which could progressively evolve to pheochromocytoma. Testing of this hypothesis will be possible with characterization of the FP mutation at 2q. The identification of a second linked locus at chromosome 16p13 in this family is consistent with a digenic inheritance. The two-locus trait analysis supports a multiplicative or synergistic model to explain the relationship between the two loci (9). Of note, the 16p13 region overlaps that of a recently described familial neuroblastoma locus (27). Pheochromocytoma and neuroblastoma share a common sympathoadrenal origin and could conceivably share a genetic link. However, although LOH at the 16p13 region was detected in neuroblastomas (24), we have not identified chromosomal gains and/or losses at the 16p locus in the FP pheochromocytomas. The robust and concordant findings of the two independent linkage analyses are consistent with a role for this locus in the disease phenotype. Hence, it is possible that a distinct mechanism of tumorigenesis may operate at the putative chromosome 16 locus that does not require gross structural defects. Expression profiling suggests that FP tumors resemble pheochromocytomas derived from MEN 2 and NF1. It is plausible therefore that the FP susceptibility gene(s) may encode functions associated with those of mutated RET and NF1 genes. Most genes in the target region have no ascribed function, but those believed to be involved in the signals highlighted by the GSEA are potential candidates to be further explored. Pairing of expression-based clustering with LOH analysis of pheochromocytomas allowed the identification of additional FP pheochromocytomas. The distinction between the effects of genotype from those of loss of chromosome 2 is not trivial in these tumors, especially because our hypothesis is that these are not independent events. It is possible that low expression of 2q genes in tumors without LOH reflects other mechanisms of downregulation, such as methylation or microRNA-based repression (28). Our data suggest that integration of global genomic approaches can be successfully used to help in the identification of the primary genetic defect in familial disorders. This concept has been recently validated not only for studies of monogenic diseases (29) but also for quantitative trait loci by deriving genetic transmission patterns of cotranscribed genes (30–32). In conclusion, we identified two novel susceptibility loci consistent with a recessive form of pheochromocytoma on chromosomes 2 and 16. These findings broaden the spectrum of genetic defects and mode of inheritance of pheochromocytomas and might signal the existence of other familial forms of the tumor that could result from defects in more than one gene. Although the role of these genes in more common forms of disease still remains to be determined, the initial chromosome 2 LOH data from sporadic tumors suggest that the FP locus may be relevant for a broader group of pheochromocytomas.

Appendix Familial Pheochromocytoma Consortium members and their affiliations: Gail Adler (Brigham and Women’s Hospital, Boston,

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MA); Seth M. Arum (Boston Medical Center, Boston, MA); Marta Barontini (Center of Endocrinology Investigations, Buenos Aires, Argentina); Diana E. Benn (Royal North Shore Hospital and Kolling Institute of Medical Research, University of Sydney, Sydney, New South Wales, Australia); Ana Vale´ria B. de Castro (Universidade Estadual Paulista, Botucatu, Sa˜o Paulo, Brazil); Robert Dluhy (Brigham and Women’s Hospital, Boston, MA); Judy Garber (Department of Population Sciences, Dana-Farber Cancer Institute, Harvard Medical School, Boston, MA); John Godine (Massachusetts General Hospital, Diabetes Center, Boston, MA); Ashley Grossman (St. Bartholomew’s Hospital, London, United Kingdom); Shirin Haddady (Division of Endocrinology, University of Massachusetts Memorial Medical Center, Worcester, MA); Shannon Heitritter (Brigham and Women’s Hospital, Boston, MA); Richard Hodin (Department of Surgery, Massachusetts General Hospital, Boston, MA); Ma´rta Korbonits (St. Bartholomew’s Hospital, London, United Kingdom); Francis Moore, Jr. (Brigham and Women’s Hospital, Boston, MA); Ce´lia Nogueira (Universidade Estadual Paulista, Botucatu, Sa˜o Paulo, Brazil); Vania Nose´ (Department of Pathology, Brigham and Women’s Hospital, Boston, MA); I. Tolgay Ocal (Yale University, New Haven, CT); Pascal Pigny (Regional University Hospital, Center Hospitalier Re´gional Universitaire, Lille, France); James A. Powers (Tufts New England Medical Center, Boston, MA); Bruce G. Robinson (Royal North Shore Hospital and Kolling Institute of Medical Research, University of Sydney, Sydney, New South Wales, Australia); Marie Rosales (Division of Endocrinology, University of Massachusetts Memorial Medical Center, Worcester, MA); Gabriela Sanso (Center of Endocrinology Investigations, Buenos Aires, Argentina); Sandro Santagata (Department of Pathology, Brigham and Women’s Hospital, Boston, MA); Kathy Schneider (Department of Population Sciences, Dana-Farber Cancer Institute, Harvard Medical School, Boston, MA); Julie Ann Sosa (Yale University, New Haven, CT); and Arthur S. Tischler (Tufts New England Medical Center, Boston, MA).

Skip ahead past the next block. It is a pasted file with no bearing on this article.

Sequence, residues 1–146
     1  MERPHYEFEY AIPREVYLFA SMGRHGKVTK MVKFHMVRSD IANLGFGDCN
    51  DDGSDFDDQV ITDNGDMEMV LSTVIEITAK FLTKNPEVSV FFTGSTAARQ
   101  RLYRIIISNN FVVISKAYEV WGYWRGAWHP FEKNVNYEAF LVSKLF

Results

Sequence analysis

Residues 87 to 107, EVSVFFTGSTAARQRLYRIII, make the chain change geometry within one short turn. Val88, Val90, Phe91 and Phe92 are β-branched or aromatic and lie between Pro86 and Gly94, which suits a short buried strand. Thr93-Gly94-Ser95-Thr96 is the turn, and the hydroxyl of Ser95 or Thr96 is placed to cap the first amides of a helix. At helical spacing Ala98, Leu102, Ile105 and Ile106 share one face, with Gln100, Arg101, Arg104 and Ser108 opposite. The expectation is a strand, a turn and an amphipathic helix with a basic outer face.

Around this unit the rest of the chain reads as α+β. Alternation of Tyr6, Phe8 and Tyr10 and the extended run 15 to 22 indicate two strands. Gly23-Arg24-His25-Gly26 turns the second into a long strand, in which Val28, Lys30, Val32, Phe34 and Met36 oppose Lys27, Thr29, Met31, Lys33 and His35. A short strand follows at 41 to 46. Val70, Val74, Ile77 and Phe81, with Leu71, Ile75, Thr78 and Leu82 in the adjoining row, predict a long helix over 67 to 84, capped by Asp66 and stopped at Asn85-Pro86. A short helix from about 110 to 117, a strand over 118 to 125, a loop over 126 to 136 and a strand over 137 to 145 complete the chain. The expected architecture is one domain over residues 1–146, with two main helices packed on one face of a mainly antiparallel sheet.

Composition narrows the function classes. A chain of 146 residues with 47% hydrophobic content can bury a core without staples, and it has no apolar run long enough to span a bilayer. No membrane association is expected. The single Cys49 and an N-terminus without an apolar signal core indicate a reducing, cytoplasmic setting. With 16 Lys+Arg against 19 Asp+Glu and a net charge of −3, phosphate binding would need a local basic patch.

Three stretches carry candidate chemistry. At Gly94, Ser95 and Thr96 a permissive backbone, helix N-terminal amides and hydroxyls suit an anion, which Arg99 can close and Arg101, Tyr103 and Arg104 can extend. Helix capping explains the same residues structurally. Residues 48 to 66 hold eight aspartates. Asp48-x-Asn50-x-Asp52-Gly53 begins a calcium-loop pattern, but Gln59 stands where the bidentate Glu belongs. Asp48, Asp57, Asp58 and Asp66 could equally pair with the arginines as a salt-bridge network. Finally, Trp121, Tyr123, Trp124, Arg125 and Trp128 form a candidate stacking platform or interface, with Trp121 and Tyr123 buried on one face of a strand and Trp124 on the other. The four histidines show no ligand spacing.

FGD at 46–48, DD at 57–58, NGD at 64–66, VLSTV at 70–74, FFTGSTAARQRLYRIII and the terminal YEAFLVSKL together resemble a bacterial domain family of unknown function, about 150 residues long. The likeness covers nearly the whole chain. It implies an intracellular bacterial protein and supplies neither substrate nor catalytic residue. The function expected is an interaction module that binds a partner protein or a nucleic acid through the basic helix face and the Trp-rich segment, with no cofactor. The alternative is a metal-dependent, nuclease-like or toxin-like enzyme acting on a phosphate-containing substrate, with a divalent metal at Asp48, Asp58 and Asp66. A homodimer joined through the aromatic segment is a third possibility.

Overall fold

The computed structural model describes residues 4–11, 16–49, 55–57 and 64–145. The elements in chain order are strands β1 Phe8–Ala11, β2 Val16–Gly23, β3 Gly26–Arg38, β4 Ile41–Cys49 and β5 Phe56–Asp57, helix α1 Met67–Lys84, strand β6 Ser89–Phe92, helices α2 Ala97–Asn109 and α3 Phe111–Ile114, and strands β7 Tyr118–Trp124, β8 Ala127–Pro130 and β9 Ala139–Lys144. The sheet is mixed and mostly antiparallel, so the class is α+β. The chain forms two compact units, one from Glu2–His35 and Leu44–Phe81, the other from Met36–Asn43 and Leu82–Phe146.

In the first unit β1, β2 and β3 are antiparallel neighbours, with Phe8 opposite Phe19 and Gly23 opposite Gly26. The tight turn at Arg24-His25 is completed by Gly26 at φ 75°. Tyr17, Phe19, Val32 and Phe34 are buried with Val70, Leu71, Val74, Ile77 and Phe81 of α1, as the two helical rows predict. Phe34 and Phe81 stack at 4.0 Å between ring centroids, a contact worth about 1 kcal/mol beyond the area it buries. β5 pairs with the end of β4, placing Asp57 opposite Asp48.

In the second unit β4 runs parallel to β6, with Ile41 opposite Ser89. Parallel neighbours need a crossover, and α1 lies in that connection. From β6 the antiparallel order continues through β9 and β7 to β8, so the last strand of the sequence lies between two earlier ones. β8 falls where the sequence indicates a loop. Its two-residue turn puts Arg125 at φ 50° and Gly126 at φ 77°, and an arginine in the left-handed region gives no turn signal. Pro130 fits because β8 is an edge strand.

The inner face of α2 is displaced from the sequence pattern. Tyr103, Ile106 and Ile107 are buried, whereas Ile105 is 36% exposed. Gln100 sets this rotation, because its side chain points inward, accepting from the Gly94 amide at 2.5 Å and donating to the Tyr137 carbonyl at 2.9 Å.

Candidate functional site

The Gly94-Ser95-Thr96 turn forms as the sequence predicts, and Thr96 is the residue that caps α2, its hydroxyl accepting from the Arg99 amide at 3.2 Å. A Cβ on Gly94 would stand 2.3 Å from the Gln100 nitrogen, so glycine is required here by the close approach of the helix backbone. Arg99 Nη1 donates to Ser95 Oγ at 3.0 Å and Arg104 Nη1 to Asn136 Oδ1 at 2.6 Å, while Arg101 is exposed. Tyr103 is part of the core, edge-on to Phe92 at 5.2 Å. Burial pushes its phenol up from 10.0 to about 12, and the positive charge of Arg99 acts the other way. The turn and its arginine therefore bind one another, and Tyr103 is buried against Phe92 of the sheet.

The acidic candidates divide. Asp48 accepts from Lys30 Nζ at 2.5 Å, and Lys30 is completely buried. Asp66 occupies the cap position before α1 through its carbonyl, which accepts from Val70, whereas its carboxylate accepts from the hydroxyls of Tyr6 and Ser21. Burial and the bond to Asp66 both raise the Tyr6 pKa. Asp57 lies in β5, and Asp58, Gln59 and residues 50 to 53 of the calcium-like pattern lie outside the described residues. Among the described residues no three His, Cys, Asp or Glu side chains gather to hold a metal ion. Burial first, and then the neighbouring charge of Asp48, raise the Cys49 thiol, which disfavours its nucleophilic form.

Acknowledgments Received 4/26/2005; revised 7/5/2005; accepted 8/17/2005. Grant support: Charles A. Dana Foundation Project in Neuro-Oncology (C.D. Stiles), NIH grants NS047572-01A1 (C.D. Stiles) and R01HG02341 (K. Hao), and Claudia Adams Barr Investigator Award and Pan-Mass Agencourt Sequencing Grant (P.L.M. Dahia). The costs of publication of this article were defrayed in part by the payment of page charges. This article must therefore be hereby marked advertisement in accordance with 18 U.S.C. Section 1734 solely to indicate this fact. We thank the patients and families that participated in this study for their cooperation, Dr. Aravinda Chakravarti (John Hopkins University School of Medicine, Baltimore, MD) for critical review of the manuscript, Dr. Kathy Lunnetta (Genomics Collaborative, Inc., Cambridge, MA) for statistical advice, Dr. David Hill (Dana-Farber Cancer Institute, Boston, MA) and Dr. Scott Pomeroy (The Children’s Hospital, Boston, MA) for their support, Maria das Grac¸as Cavalcanti and Mathew Wright for technical assistance, Drs. Marcos Baena and Cla´udio Campi de Castro (Diagnostic Imaging Center at the Heart Institute, Instituto do Corac¸a˜o do Hospital das Clı´nicas, University of Sa˜o Paulo), and General Hospital Tumor Bank, Brain and Tissue Bank for Developmental Disorders at the University of Maryland and the Microarray Core Facility at the Dana-Farber Cancer Institute.